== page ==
On an unprecedented sunny President’s day in Olympia, WA, the 2018 NAMI Lobby day took place beneath brilliant blue skies and the impressive shadow of our State Capitol’s legislative buildings. We met first in the Temple Beth Hatfiloh, just a few blocks from the Capitol’s main campus, and heard from NAMI Washington staff as well as Rep. Roger Goodman (45th Legislative District).

After breaking up into groups of our districts’ constituents we walked to the John A. Chubert building to meet with our first legislative aid for Sen. David Frockt (47th LD). Due to time constraints, I was unable to meet with my own district representatives, so I tagged along with district 47 to listen and observe. Our group, made up of individuals who have all been impacted by mental health one way or another, gave impassioned support of the bills that NAMI WA is backing.

NAMI WA is supporting a number of bills, most of which are currently in the senate. You can read NAMI Washington's Talking Points on eash of these in our Advocacy Toolkit! You can track all of these bills here.

Beyond the importance of these bills (and they are very important) and the legislative process that passes them, what struck me most about NAMI lobby day was how many people turned out to advocate for mental health. Most of the people who showed up aren’t paid for their advocacy. Plenty of them have no professional connection to mental health at all. And yet, here was around 150 people all decked out with NAMI’s lime green scarfs converging on the State Capitol to advocate fiercely for mental health legislature.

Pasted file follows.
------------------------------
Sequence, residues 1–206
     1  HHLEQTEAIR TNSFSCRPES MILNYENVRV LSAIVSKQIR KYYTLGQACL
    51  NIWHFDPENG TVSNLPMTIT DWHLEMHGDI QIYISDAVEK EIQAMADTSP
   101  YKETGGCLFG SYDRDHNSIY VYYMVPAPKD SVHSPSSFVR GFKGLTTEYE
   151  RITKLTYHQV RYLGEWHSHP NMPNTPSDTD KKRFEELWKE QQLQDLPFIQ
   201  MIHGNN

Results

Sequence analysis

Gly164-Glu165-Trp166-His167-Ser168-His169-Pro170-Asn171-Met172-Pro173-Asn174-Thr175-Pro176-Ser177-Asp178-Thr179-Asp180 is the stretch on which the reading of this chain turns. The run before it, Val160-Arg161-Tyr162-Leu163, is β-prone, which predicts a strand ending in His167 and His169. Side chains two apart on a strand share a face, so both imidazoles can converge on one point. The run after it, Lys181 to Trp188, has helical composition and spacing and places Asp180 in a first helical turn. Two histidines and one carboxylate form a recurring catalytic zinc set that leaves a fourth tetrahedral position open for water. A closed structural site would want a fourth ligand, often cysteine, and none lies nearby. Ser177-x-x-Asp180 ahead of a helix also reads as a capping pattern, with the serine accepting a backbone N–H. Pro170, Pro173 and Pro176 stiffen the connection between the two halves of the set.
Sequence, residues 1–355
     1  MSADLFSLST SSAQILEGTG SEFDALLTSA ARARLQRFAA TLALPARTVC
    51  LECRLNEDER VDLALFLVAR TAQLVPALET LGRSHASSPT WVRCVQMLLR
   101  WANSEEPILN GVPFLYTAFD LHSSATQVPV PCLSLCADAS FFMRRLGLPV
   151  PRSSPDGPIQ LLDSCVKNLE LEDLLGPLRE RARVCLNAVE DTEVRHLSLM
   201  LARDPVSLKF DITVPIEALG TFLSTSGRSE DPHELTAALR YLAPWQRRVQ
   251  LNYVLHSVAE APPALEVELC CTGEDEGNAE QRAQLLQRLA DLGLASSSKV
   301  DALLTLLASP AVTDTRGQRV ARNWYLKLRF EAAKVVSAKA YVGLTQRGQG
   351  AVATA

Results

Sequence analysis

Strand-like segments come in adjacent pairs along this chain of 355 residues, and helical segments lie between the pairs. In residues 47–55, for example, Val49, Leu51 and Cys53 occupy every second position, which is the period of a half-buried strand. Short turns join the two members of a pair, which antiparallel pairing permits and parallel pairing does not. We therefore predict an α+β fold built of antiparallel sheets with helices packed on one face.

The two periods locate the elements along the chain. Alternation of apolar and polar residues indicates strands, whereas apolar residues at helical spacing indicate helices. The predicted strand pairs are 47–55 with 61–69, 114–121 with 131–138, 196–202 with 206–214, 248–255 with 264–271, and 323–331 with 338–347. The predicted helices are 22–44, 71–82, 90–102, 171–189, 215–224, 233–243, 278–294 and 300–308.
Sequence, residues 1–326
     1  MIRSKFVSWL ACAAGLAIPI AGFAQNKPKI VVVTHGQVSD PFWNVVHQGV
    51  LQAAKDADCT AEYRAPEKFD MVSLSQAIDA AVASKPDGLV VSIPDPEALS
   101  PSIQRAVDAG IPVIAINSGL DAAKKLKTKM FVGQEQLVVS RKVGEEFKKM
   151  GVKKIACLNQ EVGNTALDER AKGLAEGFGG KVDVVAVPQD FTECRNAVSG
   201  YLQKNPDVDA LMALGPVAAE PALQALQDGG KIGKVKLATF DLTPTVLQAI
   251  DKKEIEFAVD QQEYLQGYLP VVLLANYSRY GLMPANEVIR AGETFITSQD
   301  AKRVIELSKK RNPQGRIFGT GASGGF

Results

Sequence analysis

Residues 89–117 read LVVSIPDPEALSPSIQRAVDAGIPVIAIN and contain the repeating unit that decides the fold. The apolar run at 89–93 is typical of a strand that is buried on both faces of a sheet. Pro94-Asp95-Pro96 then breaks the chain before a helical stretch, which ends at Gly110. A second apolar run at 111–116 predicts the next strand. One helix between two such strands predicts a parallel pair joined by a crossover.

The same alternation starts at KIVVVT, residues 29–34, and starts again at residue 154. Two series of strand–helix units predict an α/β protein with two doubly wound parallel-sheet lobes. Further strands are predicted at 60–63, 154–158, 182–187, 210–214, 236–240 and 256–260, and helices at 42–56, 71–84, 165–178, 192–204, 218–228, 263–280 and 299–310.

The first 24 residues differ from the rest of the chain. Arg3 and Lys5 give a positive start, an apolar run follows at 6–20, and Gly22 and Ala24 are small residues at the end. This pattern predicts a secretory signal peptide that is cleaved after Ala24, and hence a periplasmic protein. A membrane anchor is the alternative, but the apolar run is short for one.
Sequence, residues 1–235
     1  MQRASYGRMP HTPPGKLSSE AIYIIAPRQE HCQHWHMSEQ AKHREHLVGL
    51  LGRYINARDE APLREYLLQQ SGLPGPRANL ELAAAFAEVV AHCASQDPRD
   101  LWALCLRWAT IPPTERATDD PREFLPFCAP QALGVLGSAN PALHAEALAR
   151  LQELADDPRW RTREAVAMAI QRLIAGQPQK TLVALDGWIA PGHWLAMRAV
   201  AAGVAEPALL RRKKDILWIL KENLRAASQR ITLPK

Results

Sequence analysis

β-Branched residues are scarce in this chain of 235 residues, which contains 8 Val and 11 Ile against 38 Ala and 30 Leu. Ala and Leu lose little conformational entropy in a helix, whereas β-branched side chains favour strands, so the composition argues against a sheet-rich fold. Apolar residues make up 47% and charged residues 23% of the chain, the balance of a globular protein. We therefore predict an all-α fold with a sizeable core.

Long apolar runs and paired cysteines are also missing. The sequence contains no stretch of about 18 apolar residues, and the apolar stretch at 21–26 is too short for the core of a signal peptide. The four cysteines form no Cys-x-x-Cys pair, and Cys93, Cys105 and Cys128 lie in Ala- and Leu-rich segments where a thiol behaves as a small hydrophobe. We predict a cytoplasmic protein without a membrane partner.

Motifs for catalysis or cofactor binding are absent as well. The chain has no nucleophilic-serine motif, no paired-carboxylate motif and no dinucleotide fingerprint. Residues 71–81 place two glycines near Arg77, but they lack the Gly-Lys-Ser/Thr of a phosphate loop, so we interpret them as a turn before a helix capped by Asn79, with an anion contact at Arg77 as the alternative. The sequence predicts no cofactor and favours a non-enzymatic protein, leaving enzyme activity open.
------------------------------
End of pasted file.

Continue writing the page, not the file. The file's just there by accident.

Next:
Mental health impacts everyone. It is inescapable. Ourselves, our loved ones, our idols, our politicians, our communities; someone, somewhere that you know and love has been touched personally by mental health. Whatever their connections to mental health, the people who came out to NAMI lobby day and all those who supported it from afar were passionate and powerful. It felt amazing to sit in a room filled with individuals who shared the same cause and who had come from all over the state to speak up about their own, very personal experiences.

I am humbled by the courage of all those who shared their stories on Monday. The stigma around mental health is still very real in our society, and to sit down with politicians and strangers and break the silence on why these bills matter on a deeply personal level is an act of bravery.

Whatever the outcome of this legislation, I know that the people in my state fought hard for these bills. NAMI lobby day was a powerful thing to witness. I hope that this is a form of unapologetic bravery that continues to grow in the face of opposition and misinformation about the needs of those with mental health conditions. I hope that our presence in Olympia impacts lawmakers to do the right thing. And I hope that someday soon, there will be no silence to break.

Representing NAMI Seattle staff at lobby day from left to right: Lyndsay (Development and Operations Manager), Gideon (Admin Assistant), Katie (Program Manager)

Written by Gideon C. Elliott (Admin Assistant), photos taken by Katie and a kind stranger in Olympia!